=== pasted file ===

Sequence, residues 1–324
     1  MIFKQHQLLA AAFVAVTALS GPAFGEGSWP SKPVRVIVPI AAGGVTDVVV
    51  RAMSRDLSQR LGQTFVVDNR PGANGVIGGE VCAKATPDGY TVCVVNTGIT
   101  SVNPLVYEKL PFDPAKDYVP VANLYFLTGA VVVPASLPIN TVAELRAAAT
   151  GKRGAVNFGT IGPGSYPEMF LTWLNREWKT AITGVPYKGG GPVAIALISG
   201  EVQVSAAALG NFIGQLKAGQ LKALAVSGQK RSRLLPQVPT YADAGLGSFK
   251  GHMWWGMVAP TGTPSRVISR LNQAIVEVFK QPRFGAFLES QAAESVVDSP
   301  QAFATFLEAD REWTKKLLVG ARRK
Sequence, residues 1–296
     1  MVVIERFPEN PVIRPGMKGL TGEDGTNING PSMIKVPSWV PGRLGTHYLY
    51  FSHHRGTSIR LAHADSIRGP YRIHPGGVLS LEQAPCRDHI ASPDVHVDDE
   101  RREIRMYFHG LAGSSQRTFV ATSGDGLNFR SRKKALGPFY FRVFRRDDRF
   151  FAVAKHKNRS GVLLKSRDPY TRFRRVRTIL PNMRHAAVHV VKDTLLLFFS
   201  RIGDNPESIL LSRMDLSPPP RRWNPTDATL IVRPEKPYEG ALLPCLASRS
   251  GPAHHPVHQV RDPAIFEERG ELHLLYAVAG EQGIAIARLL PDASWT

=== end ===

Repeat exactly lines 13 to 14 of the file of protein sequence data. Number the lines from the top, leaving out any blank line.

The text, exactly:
   151  FAVAKHKNRS GVLLKSRDPY TRFRRVRTIL PNMRHAAVHV VKDTLLLFFS
   201  RIGDNPESIL LSRMDLSPPP RRWNPTDATL IVRPEKPYEG ALLPCLASRS